Black diamond: an ode to the truffle

Meet Serge Desazars, the owner of France’s first organic truffle farm who left a career in fashion to grow the finest truffles

People 4 Dec 2018

Truffle farmer and author Serge Desazars

After working in fashion for 15 years, Paris-born businessman Serge Desazars turned to a different kind of luxury industry, transforming his passion for truffle farming into his livelihood. In 1996, he founded Baron de la Truffe, France’s first organic truffle farm, using centuries-old production methods to produce the finest truffles. Desazars’ first book, Ode To The Truffle, charts the untold history of the black diamond

What was the inspiration behind Ode To The Truffle?

I was surprised that there weren’t really any books dedicated to truffles. With this book it was important to first explain the history of truffles and also the different types of truffles – there are 27 different varieties. Then in the end there are some recipes. I’ve been quite fortunate to supply some great Michelin-starred chefs such as Yannick Alléno and Thomas Boullault, and they were all very keen to donate recipes for the book.

When were you first introduced to truffles?

It was thanks to some friends about 25 years ago. In 1996 I decided to plant my first trees, and in 2000 I managed to harvest my first truffles. It was just a hobby at the time because I’d been to business school and had spent 15 years in luxury fashion, so far away from this environment, but I found that on weekends my passion was to go into the field and take care of the trees and my dogs and harvest a few truffles. Then came the day when the production started getting bigger than my consumption. I started doing some research on the market and discovered that the worldwide demand is estimated to be 10 times more than what we produce, so it was a big gap. For me is was important to produce good quality truffles in big quantities and supply directly to the consumer. It’s important that they have access to real truffles. We are expanding Baron de la Truffe every year and planting more hectares and developing visits to the farm. With 60 hectares it’s a big investment so it has to be business-orientated but at the same time it’s a passion.

What was your first truffle experience?

My first experience with truffles was a whole one – about 50g – and it was cooked in pastry and bacon. At first I thought it was too strong but it’s a bit like a drug, you have a bit and then you need more and more. That’s how I came to this name, Baron de la Truffe, because truffles are like a drug. In the past you had drug barons and now you have truffle barons!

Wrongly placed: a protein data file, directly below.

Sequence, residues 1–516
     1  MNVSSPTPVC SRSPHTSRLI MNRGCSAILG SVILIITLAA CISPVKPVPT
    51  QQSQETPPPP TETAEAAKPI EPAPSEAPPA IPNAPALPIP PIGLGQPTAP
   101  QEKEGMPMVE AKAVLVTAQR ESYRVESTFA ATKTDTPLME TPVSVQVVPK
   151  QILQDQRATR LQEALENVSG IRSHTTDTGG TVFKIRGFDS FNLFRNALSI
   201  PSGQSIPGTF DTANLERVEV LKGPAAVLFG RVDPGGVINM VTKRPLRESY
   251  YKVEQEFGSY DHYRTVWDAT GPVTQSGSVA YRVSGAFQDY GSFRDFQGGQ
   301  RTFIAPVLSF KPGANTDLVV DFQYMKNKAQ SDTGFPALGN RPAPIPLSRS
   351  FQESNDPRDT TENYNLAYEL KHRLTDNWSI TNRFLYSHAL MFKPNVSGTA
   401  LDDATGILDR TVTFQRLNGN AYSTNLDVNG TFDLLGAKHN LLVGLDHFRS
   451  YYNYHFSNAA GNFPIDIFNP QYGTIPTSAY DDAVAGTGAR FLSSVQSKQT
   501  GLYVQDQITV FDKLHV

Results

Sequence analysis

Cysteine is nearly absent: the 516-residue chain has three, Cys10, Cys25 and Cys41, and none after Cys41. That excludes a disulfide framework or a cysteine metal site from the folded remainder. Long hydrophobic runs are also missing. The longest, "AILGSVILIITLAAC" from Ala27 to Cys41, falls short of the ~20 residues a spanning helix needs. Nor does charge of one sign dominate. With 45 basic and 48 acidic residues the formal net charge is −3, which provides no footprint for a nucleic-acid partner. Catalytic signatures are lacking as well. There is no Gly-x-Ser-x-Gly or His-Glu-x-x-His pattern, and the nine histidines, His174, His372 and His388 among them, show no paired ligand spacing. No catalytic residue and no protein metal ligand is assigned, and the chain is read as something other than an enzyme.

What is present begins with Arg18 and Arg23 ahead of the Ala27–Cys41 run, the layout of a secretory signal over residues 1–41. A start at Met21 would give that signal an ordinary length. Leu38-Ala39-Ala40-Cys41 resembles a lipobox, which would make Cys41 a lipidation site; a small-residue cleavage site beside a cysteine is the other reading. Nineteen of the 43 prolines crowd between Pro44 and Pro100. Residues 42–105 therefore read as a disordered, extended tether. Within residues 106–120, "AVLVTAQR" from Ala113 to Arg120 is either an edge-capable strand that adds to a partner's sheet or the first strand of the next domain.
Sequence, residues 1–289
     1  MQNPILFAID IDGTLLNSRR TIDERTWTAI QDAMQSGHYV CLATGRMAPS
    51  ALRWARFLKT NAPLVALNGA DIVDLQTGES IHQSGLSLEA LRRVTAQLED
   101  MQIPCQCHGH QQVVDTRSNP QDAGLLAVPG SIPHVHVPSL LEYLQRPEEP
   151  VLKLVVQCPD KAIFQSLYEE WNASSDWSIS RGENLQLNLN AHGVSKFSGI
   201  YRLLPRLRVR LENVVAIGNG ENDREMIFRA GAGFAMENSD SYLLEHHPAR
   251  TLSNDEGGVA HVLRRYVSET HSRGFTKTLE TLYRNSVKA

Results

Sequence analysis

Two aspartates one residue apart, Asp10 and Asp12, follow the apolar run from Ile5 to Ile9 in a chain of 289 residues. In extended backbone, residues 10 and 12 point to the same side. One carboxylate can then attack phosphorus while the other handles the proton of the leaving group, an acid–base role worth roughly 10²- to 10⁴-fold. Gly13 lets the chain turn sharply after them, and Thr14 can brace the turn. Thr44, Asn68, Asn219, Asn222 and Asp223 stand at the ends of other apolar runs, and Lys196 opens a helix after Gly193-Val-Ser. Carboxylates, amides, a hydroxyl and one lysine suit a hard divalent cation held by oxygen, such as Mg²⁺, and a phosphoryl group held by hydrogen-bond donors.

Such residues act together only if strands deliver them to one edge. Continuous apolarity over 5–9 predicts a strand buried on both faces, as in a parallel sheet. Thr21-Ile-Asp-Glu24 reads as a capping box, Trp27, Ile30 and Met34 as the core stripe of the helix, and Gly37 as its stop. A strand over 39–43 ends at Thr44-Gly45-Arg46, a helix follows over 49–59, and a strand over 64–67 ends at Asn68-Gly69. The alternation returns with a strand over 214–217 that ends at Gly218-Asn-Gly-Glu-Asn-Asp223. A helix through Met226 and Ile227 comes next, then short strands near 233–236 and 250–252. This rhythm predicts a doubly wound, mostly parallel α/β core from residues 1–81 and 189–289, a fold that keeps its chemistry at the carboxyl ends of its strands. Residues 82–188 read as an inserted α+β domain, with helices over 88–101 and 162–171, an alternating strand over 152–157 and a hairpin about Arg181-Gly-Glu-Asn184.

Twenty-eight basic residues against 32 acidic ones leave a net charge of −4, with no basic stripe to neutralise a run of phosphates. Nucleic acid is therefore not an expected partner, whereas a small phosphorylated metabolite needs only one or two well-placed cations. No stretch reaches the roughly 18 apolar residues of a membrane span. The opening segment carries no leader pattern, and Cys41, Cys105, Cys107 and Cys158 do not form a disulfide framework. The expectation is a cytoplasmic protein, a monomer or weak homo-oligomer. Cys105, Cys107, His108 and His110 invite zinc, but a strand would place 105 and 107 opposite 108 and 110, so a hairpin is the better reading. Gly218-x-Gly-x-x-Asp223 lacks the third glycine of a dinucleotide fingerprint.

What is the planting process?

It all starts with the ground. You have to have PH levels of more than seven, then you plant some trees. It’s an exchange between the truffle and the tree; the truffle brings minerals to the tree and vice versa, so you need both of them. There are 14 different kinds of trees that can produce truffles, oak being the most common. Truffles have been around since the 4th century and surprisingly it wasn’t in France but Egypt – the desert truffle. Soon after, the Greeks and Romans also started enjoying truffles thanks to the pigs who were eating them – that’s how they discovered them. In France it was Pierre Mauléon who pioneered truffle growing. He started planting his first trees in 1790 and nine years later he harvested his first truffle, and that’s only five miles away from Baron de la Truffe in Touraine, so it’s really the birthplace of truffle growing.

Are they difficult to grow?

Yes, because it’s a very long-term process. Between the moment you plant the tree and the time you start harvesting the first truffles it takes at least five years. Full production is 10 years, so you need to be passionate to do it.

Can they grow anywhere?

You find truffles all over the world, we are discovering new ones almost every year. Nowadays they’re coming from Australia, New Zealand, South Africa and Chile – it’s spreading all around the world. It’s a mushroom that needs water and also heat, but it also needs a bit of cold weather although not too much otherwise you can’t dig them out. France, Spain and Italy have ideal conditions. I’m not too worried about competition yet.

Did you have to train to become a truffle farmer?

Not really, because there’s nowhere to study it. The key is to be curious and experiment, look at other agricultural products and how they grow and see if you can take some ideas direct from those producers. What is surprising is that one tree can give you up to four kilos of truffles but the tree next to it won’t give you anything. It’s difficult to predict it but that’s the fun of it. It’s exciting when the dog has found something but you never know the size of the truffle. It could be the size of a pea or it could be up to two kilos, so it’s always a bit of a surprise. My record is finding 44 truffles together.

What is your favourite way to eat them?

The simplest recipes are the best. For people who have never really tasted truffles before I make truffle butter. You take salted butter, put about 10 percent of its volume of truffles in it, leave it in the fridge for two days and then just serve it with bread. I also do the same thing with eggs, you put whole eggs with truffles in a jar and the egg will take the flavour of the truffle. One of my favourite recipes is with scallops, they go really well together. And what surprises everyone is that they go with dessert very well. You need cream or a bit of fat. It goes really well with chocolate, like a white chocolate mousse. Tiramisu with truffle is also delicious.

Ode To The Truffle is available now (£32, Editions Sutton);